• Aristotle

    The Rhetoric was developed by Aristotle during two periods when he was in Athens, the first between 367 to 347 BCE (when he was seconded to Plato in the Academy), and the second between 335 to 322 BCE (when he was running his own school, the Lyceum). The Rhetoric consists of three books. Book I offers a general overview, presenting the purposes of rhetoric and a working definition; it also offers a detailed discussion of the major contexts and types of rhetoric. Book II discusses in detail the three means of persuasion that an orator must rely on: those grounded in credibility (ethos), in the emotions and psychology of the audience (pathos), and in patterns of reasoning (logos). Book III...read more

  • Aristotle

    The Constitution of Athens (Greek: Ἀθηναίων πολιτεία) was written by Aristotle or his student. The text was lost until discovered in the late 19th century in Egypt. Topics discussed include Solon's legislative reforms abolishing debt slavery and the rise and decline of democracy and tyranny in Athens. (Summary by Geoffrey...read more

  • Aristotle

    This Aristotelian treatise makes up part of the philosopher's Parva Naturalia, which is Latin for "short treatises on nature." In this text, he presents his ideas about the human senses. He connects each sense to an element-sight to water, touch to earth, etc. While Aristotle's view of the senses is scientifically inaccurate in many ways, this treatise is a fascinating read for anyone interested in learning more about how the ancients understood the...read more

  • Aristotle

    What we can learn about fostering innovation and creative thinking from some of the most inventive people of all times-the ancient Greeks. When it comes to innovation and creative thinking, we are still catching up with the ancient Greeks. Between 800 and 300 BCE, they changed the world with astonishing inventions-democracy, the alphabet, philosophy, logic, rhetoric, mathematical proof, rational medicine, coins, architectural canons, drama, lifelike sculpture, and competitive athletics. None of this happened by accident. Recognizing the power of the new and trying to understand and promote the conditions that make it possible, the Greeks were the first to write about innovation and even...read more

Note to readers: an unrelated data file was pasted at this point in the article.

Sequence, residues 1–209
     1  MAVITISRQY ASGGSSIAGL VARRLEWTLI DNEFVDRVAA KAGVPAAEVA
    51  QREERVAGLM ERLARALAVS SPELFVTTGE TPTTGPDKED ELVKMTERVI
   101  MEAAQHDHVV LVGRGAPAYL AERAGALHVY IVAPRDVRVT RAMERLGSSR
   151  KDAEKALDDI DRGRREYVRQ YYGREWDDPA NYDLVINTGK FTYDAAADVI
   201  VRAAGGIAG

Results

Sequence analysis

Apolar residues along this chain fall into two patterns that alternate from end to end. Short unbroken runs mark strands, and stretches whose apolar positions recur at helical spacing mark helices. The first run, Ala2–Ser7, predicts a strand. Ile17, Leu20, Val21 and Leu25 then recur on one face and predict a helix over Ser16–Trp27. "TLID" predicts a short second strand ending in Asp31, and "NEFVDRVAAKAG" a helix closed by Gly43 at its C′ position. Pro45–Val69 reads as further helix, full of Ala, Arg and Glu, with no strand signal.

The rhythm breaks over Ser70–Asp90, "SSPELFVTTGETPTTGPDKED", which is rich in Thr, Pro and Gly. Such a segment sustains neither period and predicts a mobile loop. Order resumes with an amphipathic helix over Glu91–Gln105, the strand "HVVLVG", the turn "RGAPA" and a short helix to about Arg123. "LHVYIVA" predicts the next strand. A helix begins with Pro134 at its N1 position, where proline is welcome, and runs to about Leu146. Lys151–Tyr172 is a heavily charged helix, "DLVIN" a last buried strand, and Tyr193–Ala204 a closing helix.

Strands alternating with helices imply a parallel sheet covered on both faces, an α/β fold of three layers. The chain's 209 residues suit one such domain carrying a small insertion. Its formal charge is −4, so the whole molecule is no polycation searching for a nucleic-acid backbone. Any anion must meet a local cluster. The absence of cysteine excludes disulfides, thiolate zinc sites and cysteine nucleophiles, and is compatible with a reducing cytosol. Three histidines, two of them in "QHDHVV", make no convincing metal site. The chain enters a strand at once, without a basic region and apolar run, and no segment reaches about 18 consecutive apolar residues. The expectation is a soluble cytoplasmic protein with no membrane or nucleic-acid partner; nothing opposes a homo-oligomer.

• Aristotle

    The Art of Rhetoric, a guide on the principles behind oratorical skill, is a core text on the art of persuasion. Aristotle contends that rhetoric is one of the key elements of philosophy - along with logic and dialectic. The work consists of three books: the first is a general overview, the second concerns the means of persuasion that an orator must deploy, and the third discusses elements of style and arrangement. This recording also includes The Poetics, the earliest surviving work of dramatic theory, which has exerted a huge influence on Western drama and literature. It demonstrates how plot, character and spectacle can be combined to produce maximum impact in drama - and tragedy in...read more

  • Aristotle

    Eudemian Ethics (Greek: ΗΘΙΚΩΝ ΕΥΔΗΜΙΩΝ Latin: ETHICA EUDEMIA) discusses topics including virtue, friendship, happiness and God. It is believed to have been written before Nicomachean Ethics and to be named after Eudemus of Rhodes. Books IV, V, and VI of Eudemian Ethics are identical to books V, VI, and VII of Nicomachean Ethics and are excluded from this translation. (Summary by Geoffrey...read more

  • Aristotle

    I - On Sensation and the Sensible II - On Memory and Recollection III - On Sleeping and Waking IV - On Dreams V - On Prophecy in Sleep VI - On Longevity and Shortness of Life VII - On Youth and Old Age, Life and Death VIII - On Respiration ( Summary Adapted from...read more